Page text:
Jeffrey M. Rosen, Ph.D.
C.C. Bell Professor of Molecular and Cellular Biology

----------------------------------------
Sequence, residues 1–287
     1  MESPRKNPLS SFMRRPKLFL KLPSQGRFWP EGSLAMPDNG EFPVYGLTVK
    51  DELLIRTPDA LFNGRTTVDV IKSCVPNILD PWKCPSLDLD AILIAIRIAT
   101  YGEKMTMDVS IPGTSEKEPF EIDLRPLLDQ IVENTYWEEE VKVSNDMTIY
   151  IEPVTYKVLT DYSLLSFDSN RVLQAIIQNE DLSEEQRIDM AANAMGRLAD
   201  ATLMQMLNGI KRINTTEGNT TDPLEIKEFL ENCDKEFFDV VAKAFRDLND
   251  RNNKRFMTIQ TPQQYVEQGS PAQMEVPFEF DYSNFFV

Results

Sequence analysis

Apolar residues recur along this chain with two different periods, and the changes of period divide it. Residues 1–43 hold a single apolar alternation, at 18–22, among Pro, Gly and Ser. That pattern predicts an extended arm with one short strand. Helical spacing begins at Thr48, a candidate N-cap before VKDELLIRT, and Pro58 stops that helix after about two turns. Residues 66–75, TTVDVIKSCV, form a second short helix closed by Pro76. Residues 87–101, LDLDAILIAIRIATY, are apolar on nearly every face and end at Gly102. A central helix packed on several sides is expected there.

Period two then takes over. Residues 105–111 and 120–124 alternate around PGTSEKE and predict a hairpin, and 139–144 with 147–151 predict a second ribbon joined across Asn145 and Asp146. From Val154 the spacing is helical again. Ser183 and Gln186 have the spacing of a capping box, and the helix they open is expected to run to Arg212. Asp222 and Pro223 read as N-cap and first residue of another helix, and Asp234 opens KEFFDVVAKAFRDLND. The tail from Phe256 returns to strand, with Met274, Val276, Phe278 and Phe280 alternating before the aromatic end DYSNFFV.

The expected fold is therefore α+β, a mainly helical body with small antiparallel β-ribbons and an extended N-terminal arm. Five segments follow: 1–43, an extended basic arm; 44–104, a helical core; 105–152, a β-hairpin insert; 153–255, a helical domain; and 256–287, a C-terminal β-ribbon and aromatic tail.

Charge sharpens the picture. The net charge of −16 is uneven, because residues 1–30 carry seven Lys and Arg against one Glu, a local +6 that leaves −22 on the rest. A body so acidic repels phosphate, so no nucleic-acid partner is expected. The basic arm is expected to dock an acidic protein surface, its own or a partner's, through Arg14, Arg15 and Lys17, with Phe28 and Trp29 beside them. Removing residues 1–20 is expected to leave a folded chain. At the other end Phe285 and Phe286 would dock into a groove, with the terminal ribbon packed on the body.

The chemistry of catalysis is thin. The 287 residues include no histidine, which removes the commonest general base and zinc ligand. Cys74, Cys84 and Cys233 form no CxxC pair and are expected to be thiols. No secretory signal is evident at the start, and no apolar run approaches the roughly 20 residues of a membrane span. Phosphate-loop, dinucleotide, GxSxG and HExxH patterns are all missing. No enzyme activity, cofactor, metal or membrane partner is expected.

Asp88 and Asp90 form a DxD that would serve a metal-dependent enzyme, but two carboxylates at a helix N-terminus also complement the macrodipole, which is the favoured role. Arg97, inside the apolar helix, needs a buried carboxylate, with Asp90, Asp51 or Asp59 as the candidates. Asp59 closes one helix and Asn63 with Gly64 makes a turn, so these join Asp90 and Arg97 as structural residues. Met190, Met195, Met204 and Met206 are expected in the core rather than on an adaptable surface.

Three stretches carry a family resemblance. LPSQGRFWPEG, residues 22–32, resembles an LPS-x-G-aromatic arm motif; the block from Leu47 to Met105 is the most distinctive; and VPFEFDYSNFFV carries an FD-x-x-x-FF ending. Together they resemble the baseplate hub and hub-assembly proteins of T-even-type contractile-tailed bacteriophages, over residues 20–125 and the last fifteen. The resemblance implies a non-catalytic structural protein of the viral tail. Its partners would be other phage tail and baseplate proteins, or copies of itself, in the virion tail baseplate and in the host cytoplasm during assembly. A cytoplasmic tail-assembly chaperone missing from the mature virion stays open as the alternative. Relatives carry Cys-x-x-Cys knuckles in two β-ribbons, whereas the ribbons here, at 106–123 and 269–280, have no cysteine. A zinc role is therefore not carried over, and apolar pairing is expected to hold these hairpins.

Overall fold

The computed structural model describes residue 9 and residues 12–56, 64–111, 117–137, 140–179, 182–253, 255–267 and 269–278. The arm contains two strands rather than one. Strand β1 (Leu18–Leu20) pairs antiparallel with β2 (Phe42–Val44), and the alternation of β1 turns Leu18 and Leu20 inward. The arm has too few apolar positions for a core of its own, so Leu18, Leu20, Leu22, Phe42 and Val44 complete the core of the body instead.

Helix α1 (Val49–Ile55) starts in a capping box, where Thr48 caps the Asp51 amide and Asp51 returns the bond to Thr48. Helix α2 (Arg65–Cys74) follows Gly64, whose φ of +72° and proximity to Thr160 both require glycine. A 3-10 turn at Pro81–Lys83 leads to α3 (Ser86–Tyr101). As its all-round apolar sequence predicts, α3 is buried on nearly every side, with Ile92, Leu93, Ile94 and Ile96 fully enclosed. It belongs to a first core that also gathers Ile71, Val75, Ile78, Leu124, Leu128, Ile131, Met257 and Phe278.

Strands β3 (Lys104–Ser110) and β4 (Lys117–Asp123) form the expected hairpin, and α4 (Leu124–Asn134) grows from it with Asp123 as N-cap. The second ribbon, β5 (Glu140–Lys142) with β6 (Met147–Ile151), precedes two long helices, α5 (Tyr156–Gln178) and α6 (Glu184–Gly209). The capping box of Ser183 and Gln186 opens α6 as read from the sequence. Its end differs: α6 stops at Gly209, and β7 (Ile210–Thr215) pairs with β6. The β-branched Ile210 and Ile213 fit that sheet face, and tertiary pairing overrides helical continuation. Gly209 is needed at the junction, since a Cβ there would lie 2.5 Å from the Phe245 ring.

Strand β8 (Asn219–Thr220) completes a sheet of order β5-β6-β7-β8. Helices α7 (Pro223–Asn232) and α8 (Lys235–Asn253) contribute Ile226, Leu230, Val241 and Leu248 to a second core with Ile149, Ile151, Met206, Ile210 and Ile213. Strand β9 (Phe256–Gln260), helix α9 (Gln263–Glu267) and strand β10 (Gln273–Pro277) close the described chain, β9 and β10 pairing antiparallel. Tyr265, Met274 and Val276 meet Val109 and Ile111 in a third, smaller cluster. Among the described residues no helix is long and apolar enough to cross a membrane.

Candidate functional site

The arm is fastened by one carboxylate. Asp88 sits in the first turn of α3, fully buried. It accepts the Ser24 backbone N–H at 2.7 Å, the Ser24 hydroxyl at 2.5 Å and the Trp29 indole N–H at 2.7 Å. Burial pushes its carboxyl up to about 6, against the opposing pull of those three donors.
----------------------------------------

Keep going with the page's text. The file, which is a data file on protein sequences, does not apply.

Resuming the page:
The research objectives of the Rosen laboratory are to elucidate the mechanisms regulating normal mammary gland development, and to determine how these regulatory mechanisms have deviated in breast cancer. The laboratory is studying the role of systemic hormones, specifically prolactin, estrogens and progestins, and local growth factors, including members of the Wnt and Fgf families, on these processes. The role of specific transcription factors and their dominant-negative isoforms, including members of the C/EBP and Stat families, are also being examined using transgenic and knockout mouse models. Genetically engineered mice, coupled with FACS analysis and transplantation into the cleared mammary fat pad, have been employed as model system in which to isolate and characterize functional mammary stem/progenitor cells. Transgenic and knockout mouse models coupled with lentiviral transduction gain- and loss-of-function experiments are being used to elucidate changes in normal mammary gland stem cells and progenitors and signal transduction pathways that are involved in the progression from the normal mammary gland to pre-neoplasias. Unique preclinical syngeneic mouse models representative of the different human breast cancer subtypes are being employed to study the response of both primary tumors and metastases to combinatorial therapies focusing on the response of tumor initiating cells. These studies are being translated into the clinic to understand the mechanisms of therapeutic resistance of cancer stem cells to chemotherapy and radiation. Finally, studies are underway to elucidate the mechanisms by which noncoding RNAs, both miRNAs and lncRNAs regulate mammary gland development and are altered in breast cancer.